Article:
The hormone oxytocin, which has been shown to increase trust and social bonding, could also work as a treatment to relieve pain in those who suffer from frequent headaches, according to a new study.
Of patients given a dose of oxytocin as a nasal spray, 50 percent reported their headache pain was reduced by half, and an additional 27 percent of these patients reported no pain after four hours. By comparison, 11 percent of patients who were given a placebo spray said their headache pain was cut by half after four hours, and none reported complete pain relief.
All patients in the study had a condition called chronic daily headache, in which people experience at least 15 headaches a month — often severe migraines . About 6 million Americans suffer from this condition, which can be debilitating, said study researcher David Yeomans, the director of pain research at Stanford University School of Medicine. The subjects in the trial had previously not responded to any existing treatments, the researchers said.
“These are patients that have tried pretty much everything, and not much, if anything, helps them,” Yeomans said.
Currently, only two treatments have been shown to effectively prevent headaches in people with this condition, one of which is Botox injections, said study researcher Dr. Egilius Spierings, an associate professor at Harvard Medical School who studies headache pain management. Botox was only just approved by the Food and Drug Administration for this use in October. The other treatment is a drug called topiramate.
While both of these treatments have been shown to work better than a placebo, they don’t provide relief for all patients. And both have drawbacks — topiramate can affect cognition and Botox must be injected every three months to work.
While the oxytocin study is encouraging, more research needs to confirm the findings, and determine whether the treatment has long-lasting effects, the researchers said. The study included just 40 patients, half of whom received oxytocin. And the therapy was only tested on one headache, so there’s no telling whether oxytocin would ward off the frequent headaches these patients experience.
Nonetheless, “I was very impressed with the findings,” Spierings said. “I’m happy for this particular patient population, because it’s very important that treatments are being developed specially for that group.”
On average, the treatment did not start working until after four hours. And any benefit was gone after 24 hours, Spierings said.
The oxytocin treatment took longer to work than traditional migraine therapies, which usually kick in after about two hours. Because of oxytocin’s apparent delayed effect, it would probably not be suitable to treat occasional migraine, because these patients would likely want something faster, Spierings said.
The researchers said oxytocin is believed to work by acting on the trigeminal nerve, which carries pain information from the head and face. Oxytocin binds to receptors in this nerve and blocks the pain signals, Yeomans said.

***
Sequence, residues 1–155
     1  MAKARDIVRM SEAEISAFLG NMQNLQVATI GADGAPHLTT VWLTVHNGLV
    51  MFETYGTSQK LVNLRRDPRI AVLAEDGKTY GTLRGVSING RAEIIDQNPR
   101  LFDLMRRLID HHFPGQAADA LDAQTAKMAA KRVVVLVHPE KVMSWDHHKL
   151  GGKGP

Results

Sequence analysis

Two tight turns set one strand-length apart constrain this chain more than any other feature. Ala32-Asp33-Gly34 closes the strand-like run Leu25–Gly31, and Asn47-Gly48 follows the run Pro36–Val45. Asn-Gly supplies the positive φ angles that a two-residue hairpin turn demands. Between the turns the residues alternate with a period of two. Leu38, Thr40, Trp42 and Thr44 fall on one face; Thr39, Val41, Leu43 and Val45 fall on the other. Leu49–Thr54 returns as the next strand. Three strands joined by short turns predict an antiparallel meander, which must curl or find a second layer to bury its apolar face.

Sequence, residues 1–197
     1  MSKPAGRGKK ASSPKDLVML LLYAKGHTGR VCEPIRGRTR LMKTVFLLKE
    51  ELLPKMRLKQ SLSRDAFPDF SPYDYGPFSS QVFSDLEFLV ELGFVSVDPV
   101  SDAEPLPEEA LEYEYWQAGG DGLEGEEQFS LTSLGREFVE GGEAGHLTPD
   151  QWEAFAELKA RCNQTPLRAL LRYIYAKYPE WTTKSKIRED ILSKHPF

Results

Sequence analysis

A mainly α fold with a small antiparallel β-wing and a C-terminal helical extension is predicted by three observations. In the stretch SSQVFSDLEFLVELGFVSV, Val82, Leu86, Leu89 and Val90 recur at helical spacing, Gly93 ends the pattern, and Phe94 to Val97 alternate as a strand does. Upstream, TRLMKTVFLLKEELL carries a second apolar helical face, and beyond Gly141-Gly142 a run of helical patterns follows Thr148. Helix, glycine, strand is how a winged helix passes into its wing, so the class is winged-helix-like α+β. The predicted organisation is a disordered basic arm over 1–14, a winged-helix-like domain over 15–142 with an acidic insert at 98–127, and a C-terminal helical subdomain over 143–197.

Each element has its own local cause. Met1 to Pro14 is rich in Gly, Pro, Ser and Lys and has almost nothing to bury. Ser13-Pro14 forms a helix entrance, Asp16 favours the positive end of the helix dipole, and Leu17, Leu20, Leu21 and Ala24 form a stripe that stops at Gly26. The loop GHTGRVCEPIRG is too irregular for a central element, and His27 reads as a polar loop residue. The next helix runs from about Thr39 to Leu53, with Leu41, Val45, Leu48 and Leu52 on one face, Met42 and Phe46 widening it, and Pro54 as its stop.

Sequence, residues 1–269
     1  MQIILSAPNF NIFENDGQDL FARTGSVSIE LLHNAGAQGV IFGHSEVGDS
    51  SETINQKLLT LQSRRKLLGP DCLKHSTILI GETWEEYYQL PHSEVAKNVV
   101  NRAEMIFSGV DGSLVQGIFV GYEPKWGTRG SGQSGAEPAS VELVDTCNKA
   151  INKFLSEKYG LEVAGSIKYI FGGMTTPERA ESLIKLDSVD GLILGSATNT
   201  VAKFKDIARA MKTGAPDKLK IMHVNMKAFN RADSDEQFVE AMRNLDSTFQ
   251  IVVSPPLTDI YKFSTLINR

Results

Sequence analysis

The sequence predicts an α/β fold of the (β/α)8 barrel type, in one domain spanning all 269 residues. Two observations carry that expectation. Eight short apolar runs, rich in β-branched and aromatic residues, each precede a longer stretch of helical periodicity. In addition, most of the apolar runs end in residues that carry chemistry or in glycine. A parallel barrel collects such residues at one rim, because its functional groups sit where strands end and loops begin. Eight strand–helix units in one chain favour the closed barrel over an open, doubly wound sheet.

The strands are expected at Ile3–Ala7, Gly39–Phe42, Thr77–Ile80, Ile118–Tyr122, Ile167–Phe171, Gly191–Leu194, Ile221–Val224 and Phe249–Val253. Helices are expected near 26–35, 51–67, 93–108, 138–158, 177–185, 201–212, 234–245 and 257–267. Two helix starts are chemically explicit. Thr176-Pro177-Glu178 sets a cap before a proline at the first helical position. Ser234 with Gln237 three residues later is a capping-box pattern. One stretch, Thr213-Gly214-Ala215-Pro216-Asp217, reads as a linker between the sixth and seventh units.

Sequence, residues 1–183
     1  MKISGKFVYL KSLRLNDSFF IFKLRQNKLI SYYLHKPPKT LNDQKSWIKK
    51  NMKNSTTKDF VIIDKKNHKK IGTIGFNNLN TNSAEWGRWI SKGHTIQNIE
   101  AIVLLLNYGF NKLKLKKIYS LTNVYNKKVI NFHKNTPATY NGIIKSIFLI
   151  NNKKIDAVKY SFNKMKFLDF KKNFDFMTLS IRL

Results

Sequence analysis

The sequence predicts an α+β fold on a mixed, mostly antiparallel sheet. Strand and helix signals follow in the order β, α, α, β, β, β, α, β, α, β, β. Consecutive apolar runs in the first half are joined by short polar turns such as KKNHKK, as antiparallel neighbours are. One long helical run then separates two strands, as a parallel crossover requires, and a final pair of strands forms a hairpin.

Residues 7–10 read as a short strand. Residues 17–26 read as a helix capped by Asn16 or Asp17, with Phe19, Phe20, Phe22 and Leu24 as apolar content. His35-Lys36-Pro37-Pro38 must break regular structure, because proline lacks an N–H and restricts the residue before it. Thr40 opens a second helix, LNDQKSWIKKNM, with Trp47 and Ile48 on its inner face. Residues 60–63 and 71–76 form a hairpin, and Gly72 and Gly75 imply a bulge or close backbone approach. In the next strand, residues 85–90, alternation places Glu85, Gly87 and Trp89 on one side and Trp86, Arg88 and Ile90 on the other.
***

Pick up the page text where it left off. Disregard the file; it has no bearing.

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So far, the researchers have not seen any adverse side effects of oxytocin treatment. This is in contrast to Botox, which is a bacterial toxin and can cause serious side effects, including problems breathing and swallowing, according to the company website. “I think people would rather do a nasal spray once or twice a day everyday than [get] these injections every three months,” Spierings said.
Oxytocin has garnered a reputation as the “love hormone” due to its apparent influences on social behavior. One study found it helps women bond with their children, another suggested it makes people more trusting.
That begs the question: Would oxytocin therapies for headaches need to bear warnings such as “may cause excessive trust”?
Researchers don’t have the answer yet. But the social effects of oxytocin seen so far have been mild, said study researcher Dr. Daniel Jacobs, a plastic and reconstructive surgeon in San Jose, Calif. And any affects on social behavior have to be weighed against the crippling effects of daily headaches, and the side effects of strong pain medication, such as opioids, which include nausea, changes in breathing, cognitive impairment and addiction, Jacobs said.
“You always have to compare that to the psychological effects of severe head pain, or the psychological effects of alternative drug therapies,” Jacobs said. “And right now, the profile with oxytocin is far superior than the alternative,” he said.
The researchers plan to conduct another trial with oxytocin, this time with a more potent dose. They also hope to get a better idea of how long the effects last, Spierings said.
Jacobs and Yeomans are two of the co-founders of Trigemina, Inc., a company currently developing oxytocin as a drug for chronic daily headache.